June 7, 2016
Ryan Milcarek ’14, a mechanical and aerospace engineering Ph.D. student, has earned a prestigious Graduate Research Fellowship from the National Science Foundation (NSF). The award will fund three years of his fuel cell and combustion research.
With the resources of Professor Jeongmin Ahn’s Combustion and Energy Research (COMER) lab, Milcarek is seeking to reduce the formation of nitrogen oxides (NOx) in combustion processes using a recent innovation developed by Milcarek and Ahn. Their concept utilizes a two-stage combustor, also known as a rich-burn, quick-mix, lean-burn or RQL combustor, with a fuel cell integrated between the fuel-rich and fuel-lean combustion zones. This flame-assisted fuel cell, as it is called, generates electrochemical power at high efficiency, as well as heat for a range of applications including combined cycles, space heating, and jet engines. This concept builds on much of the work conducted in the COMER lab which seeks to create cleaner combustion through the combined use of fuel cell and combustion theory and technology.
Ahn says, “To earn an NSF Fellowship is a truly remarkable accomplishment and Ryan is deserving of such an honor. His commitment to learning and advancing the science of combustion continuously elevates the work that we do in the COMER lab.”
Milcarek’s NSF Fellowship will support his efforts to study NOx formation in the RQL combustor with and without the flame-assisted fuel cell. The formation of NOx has many adverse environmental and health effects including smog, acid rain, and respiratory problems. Thermal NOx, the primary NOx formation mechanism, can be reduced with the flame-assisted fuel cell concept. However, the formation of NOx in the RQL combustor is also subject to turbulence intensity, the boundary layer, and combustion equivalence ratio, among other factors. Milcarek will study these formation mechanisms and seek to reduce the amount of NOx generated during combustion.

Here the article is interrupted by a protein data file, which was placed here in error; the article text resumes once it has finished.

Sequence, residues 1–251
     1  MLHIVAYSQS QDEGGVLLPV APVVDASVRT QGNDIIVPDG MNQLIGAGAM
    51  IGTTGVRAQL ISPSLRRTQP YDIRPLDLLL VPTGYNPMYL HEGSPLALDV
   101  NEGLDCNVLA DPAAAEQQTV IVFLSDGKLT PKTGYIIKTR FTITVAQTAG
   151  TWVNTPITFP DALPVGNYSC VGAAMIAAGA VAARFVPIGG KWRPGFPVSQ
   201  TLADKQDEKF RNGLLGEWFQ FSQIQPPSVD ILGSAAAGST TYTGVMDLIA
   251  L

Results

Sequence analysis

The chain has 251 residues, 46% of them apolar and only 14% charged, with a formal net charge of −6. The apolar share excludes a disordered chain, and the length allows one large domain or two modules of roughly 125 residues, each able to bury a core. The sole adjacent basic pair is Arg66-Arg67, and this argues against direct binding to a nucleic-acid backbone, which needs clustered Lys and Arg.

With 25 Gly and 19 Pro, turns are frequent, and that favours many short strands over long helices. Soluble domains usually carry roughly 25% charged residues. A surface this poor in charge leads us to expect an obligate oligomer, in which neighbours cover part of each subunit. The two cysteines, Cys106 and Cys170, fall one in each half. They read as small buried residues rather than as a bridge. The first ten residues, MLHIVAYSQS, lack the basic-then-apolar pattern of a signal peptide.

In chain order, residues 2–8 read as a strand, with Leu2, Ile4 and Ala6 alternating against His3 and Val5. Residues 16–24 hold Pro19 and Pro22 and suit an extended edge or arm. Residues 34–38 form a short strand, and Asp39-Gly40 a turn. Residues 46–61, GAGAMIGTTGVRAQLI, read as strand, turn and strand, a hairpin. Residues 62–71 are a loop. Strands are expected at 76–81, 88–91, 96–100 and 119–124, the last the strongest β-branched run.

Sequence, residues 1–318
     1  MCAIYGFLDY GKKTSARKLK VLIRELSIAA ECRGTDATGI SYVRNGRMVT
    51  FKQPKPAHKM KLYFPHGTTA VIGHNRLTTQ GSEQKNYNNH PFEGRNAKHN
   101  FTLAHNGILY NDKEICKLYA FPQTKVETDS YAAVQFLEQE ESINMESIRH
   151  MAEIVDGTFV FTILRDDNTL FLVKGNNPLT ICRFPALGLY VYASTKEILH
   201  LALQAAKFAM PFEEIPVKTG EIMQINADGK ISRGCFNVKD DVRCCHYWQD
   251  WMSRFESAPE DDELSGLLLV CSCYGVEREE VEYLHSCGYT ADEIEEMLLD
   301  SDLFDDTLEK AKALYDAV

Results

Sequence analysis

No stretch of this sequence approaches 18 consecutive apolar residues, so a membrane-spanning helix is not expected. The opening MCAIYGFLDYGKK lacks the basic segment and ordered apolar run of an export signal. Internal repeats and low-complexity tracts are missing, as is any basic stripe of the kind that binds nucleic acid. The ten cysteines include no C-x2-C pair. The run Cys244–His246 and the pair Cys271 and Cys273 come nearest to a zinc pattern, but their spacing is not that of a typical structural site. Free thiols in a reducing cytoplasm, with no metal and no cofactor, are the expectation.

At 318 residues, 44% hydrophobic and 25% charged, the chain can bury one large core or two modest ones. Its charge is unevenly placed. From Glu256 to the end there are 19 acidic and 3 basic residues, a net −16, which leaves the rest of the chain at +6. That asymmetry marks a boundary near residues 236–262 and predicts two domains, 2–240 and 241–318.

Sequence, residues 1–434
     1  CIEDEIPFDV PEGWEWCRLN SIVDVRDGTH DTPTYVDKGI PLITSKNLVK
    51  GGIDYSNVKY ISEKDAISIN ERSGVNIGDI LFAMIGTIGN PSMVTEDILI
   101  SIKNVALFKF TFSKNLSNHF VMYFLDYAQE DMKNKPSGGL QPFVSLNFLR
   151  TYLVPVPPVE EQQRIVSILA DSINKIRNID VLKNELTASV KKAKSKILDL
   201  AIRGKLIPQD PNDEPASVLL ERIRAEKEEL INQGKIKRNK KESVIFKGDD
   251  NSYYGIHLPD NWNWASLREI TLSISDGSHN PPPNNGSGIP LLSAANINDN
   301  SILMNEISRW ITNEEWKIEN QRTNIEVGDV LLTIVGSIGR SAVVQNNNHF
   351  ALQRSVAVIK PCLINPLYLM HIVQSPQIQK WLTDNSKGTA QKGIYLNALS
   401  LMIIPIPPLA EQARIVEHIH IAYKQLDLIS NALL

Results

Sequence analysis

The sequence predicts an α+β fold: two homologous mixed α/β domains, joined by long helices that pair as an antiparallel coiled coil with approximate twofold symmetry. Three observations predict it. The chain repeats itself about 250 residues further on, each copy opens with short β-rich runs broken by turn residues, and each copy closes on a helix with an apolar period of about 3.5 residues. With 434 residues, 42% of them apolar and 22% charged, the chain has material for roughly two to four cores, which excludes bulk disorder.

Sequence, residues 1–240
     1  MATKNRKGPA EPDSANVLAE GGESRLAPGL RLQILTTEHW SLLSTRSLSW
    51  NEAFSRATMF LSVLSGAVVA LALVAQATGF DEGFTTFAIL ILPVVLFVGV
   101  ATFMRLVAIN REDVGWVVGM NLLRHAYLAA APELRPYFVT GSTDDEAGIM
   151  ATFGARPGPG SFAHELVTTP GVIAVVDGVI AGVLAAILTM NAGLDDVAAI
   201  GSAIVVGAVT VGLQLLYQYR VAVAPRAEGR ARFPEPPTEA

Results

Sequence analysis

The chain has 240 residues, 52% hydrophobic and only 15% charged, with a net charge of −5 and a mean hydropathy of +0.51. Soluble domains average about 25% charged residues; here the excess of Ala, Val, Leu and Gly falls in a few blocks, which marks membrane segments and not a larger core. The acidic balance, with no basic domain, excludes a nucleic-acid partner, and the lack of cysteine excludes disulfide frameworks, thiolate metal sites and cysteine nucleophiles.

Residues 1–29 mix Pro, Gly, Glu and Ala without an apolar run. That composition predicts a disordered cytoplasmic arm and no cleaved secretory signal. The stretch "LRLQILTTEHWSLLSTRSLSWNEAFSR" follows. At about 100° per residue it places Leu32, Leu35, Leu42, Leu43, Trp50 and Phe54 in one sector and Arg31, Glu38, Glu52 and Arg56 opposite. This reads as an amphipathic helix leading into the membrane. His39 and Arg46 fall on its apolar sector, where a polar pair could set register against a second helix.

Using resources from Professor Jianshun Zhang’s Building Energy and Environmental Systems Laboratory, Milcarek will also conduct system modeling and analysis to better understand the potential of these flame-assisted fuel cells for enhancing the energy efficiency and resilience of building systems.
Broader impacts of research on society are an essential part of the NSF Graduate Research Fellowship program. Milcarek is seeking to fulfill that vision by helping high school students become more engaged in science, technology, engineering, and math fields. In addition, he is seeking to establish greater collaborations on campus and with local industries to promote, spread awareness, and develop technologies like the flame-assisted fuel cell.
On top of the NSF Fellowship, Milcarek was recently awarded a $10,000 Grant-in-Aid from the American Society of Heating, Refrigerating, and Air-Conditioning Engineers (ASHRAE) and, as one of the top recipients of the grant, was named an ASHRAE “Life Member Club Grant Recipient.”
Chemical engineering alumnus Joshua Woods ’16 was also awarded a Graduate Research Fellowship from the NSF, and bioengineering alumna Alexis Peña ’16 earned an Honorable Mention.
About the NSF Graduate Research Fellowship Program
The NSF Graduate Research Fellowship Program supports outstanding graduate students by providing three years of funding for the completion of research-based master’s and PhD programs in supported fields at U.S. institutions. Supported fields are STEM disciplines, but also include psychology, social sciences, and STEM education. 30 Nobel Laureates and 440 members of the National Academy of Science have been past recipients. The program seeks individuals that show the potential for innovation and transformation in their chosen field.